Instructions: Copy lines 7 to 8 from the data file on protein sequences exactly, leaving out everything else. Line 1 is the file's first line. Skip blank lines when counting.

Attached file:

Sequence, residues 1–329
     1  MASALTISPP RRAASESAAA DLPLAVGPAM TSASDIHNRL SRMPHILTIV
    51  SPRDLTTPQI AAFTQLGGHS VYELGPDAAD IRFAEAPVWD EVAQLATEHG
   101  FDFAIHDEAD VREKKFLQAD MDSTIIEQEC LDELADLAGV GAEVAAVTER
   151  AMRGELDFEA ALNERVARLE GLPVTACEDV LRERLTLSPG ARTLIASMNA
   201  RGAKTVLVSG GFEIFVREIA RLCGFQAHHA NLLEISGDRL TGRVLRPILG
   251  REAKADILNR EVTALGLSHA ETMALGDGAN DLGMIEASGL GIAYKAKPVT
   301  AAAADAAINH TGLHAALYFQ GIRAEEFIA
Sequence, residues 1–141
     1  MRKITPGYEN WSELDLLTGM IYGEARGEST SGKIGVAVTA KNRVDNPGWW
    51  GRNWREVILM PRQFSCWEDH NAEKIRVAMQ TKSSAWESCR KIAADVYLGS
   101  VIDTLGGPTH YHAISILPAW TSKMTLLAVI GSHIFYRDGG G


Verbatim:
   251  REAKADILNR EVTALGLSHA ETMALGDGAN DLGMIEASGL GIAYKAKPVT
   301  AAAADAAINH TGLHAALYFQ GIRAEEFIA